2.1 Applicability of civil law: The SC took the view that unlike civil law, the phrase cause of action under section 138 NI must be construed in accordance with section 178 of CrPC. Under civil law, suits can be filed in courts within whose jurisdiction whole or part of cause of action arises i.e. a civil suit can be filed at the place where the drawer resides or where the transaction took place or where the drawer has its place of business. But, to initiate section 138 NI proceedings, the complaint must be filed only in the courts within whose jurisdiction the offence has been committed i.e. place where the drawer bank is situated.

2.2 Cognizance of offence: The SC held that there is a discernibly demarcated difference between the commission of an offence and cognizance of offence. Cognizance leads to cause of action. For section 138 complaints, the cause of action arises only when the drawer fails to pay the defaulted payment. The complaints can be filed only in the courts within whose jurisdiction the cheque is presented for encashment. But, the courts can take cognizance of the offence only when: (i) the cheque is presented to the bank within 6 months from the date on which it is drawn; (ii) notice has been issued to the drawer demanding the defaulted payment within 30 days from the date of dishonor by the bank; and (iii) the drawer fails to pay the defaulted payment within 15 days from the receipt of the notice.

2.3 Jurisdiction under section 138 NI: The SC held that the return of the cheque by the drawer bank only constitutes commission of offence under section 138. Hence, the courts within which drawer bank is located will only have the jurisdiction to try the case. Adopting a strict approach, the SC wanted to rule out the unintended ramifications caused to the drawer by the principles laid in Bhaskaran's case. The flexibility given to the drawee so far with respect to choosing the place for initiating action under section 138 NI had caused severe hardships to the drawer as the places sometimes had no connection with the drawer or with any facet of the transaction. With the Dashrath ruling, the judicial inquiry or trial has been restricted to place of the commission of offence so as to restrain abuse of section 138.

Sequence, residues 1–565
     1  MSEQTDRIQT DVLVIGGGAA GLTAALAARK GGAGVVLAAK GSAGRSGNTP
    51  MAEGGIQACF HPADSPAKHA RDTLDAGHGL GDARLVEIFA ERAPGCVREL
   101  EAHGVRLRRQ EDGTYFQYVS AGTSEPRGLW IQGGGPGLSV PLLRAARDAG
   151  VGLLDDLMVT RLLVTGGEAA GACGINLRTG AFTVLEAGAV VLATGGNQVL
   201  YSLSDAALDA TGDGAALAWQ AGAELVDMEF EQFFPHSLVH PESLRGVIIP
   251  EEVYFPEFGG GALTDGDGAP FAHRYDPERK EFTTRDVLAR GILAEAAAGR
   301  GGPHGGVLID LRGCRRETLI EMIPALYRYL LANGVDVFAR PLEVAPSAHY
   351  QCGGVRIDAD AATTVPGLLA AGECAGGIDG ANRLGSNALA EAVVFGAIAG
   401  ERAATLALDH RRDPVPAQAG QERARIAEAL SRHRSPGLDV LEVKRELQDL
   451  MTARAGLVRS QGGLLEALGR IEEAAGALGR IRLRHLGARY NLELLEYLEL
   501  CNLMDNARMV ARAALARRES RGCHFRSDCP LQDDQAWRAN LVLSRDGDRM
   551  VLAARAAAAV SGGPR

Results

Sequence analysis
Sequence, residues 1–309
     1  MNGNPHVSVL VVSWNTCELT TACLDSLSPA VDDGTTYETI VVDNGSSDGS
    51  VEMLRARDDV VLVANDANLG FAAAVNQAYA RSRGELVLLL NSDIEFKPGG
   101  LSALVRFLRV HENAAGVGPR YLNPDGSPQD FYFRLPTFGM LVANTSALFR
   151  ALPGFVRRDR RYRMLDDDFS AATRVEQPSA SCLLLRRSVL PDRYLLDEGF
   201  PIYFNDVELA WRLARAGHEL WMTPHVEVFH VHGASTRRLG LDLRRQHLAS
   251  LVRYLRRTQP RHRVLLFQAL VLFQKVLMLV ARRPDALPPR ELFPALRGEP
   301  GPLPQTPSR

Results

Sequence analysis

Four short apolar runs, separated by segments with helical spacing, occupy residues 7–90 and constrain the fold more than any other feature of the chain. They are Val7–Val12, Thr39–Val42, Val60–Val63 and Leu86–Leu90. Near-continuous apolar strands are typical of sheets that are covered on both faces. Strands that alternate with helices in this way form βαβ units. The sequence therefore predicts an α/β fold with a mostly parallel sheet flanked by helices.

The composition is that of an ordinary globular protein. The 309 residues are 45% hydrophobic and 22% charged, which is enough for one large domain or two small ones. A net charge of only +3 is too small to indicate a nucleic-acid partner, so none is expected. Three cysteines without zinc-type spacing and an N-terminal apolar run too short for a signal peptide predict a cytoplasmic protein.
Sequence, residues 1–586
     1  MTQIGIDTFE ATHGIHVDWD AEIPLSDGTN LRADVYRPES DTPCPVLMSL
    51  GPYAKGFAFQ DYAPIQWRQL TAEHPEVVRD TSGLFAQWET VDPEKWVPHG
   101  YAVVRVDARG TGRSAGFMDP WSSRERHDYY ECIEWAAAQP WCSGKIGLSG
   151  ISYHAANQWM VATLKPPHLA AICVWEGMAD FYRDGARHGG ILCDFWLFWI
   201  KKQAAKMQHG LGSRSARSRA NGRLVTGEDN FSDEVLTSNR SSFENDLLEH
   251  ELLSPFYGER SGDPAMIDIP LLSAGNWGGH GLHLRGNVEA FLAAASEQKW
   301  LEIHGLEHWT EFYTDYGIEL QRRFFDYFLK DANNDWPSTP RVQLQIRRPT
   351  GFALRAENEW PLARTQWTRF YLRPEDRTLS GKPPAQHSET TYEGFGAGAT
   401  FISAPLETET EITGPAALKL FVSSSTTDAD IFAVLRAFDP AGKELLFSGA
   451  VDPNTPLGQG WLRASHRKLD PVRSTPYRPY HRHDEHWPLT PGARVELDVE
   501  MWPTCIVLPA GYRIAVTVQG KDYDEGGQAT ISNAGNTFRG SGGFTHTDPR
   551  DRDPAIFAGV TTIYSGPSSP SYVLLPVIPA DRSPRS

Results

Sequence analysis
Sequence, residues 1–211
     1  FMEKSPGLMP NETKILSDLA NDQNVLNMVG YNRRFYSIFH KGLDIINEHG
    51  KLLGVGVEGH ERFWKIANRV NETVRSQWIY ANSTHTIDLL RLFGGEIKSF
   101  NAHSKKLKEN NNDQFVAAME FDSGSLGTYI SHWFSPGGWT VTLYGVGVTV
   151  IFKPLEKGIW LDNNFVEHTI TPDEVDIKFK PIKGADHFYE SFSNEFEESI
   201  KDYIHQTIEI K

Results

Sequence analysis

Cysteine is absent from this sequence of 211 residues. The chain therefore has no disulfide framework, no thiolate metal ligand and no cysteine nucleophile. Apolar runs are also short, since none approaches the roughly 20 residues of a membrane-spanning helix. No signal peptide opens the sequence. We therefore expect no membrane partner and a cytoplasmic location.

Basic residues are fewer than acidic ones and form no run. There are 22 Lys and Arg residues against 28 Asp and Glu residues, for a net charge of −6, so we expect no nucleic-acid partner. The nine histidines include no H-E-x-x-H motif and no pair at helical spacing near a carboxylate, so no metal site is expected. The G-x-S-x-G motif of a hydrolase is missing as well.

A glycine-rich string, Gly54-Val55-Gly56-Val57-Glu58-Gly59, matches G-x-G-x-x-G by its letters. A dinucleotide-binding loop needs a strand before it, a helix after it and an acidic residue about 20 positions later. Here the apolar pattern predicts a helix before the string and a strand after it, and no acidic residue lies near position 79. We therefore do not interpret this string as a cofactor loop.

2.4 Alternate remedies: In terms of alternate remedies, the SC also observed that the relief sought under section 138 is in addition to the reliefs available under Indian Penal Code ("IPC") and common law. The drawee of a dishonored cheque can lodge a First Information Report with the Police or file a complaint directly before the concerned Magistrate or a civil suit. If the drawee succeeds in establishing that the inducement for accepting a cheque which subsequently was dishonored, had occurred where he/she resides or ordinarily transacts business, he/she will not have to travel to the place where the cheque was dishonored. All remedies under the IPC, CrPC will be available to a drawee, if he/she chooses to pursue this course of action, rather than a complaint under section 138.

The SC decision will have a massive impact on the cases already pending before various courts because numerous cases will have to be transferred to the courts within whose jurisdiction the cheque was dishonored. However, keeping in perspective the (a) hardship caused to the accused who may have to travel long distances to conduct their defense, and (b) mindful of the legal implications of proceedings permitted to continue in a court devoid of jurisdiction, the SC held that the cases, in which evidence has commenced (as envisaged under section 145(2) of NI) will continue in the same court. To obviate and eradicate any legal complications, the category of cases where proceedings have gone to the stage of section 145(2) or beyond will be deemed to have been transferred from the courts, which possess the territorial jurisdiction to the court where it is presently pending. All other complaints, including the ones where the accused has not been properly served will be returned to the complainant for filing in the proper court. If such complaints are re-filed within thirty days of their return, they shall be deemed to have been filed within the time prescribed by law, unless the initial or prior filing was itself time barred

3. At Par Cheques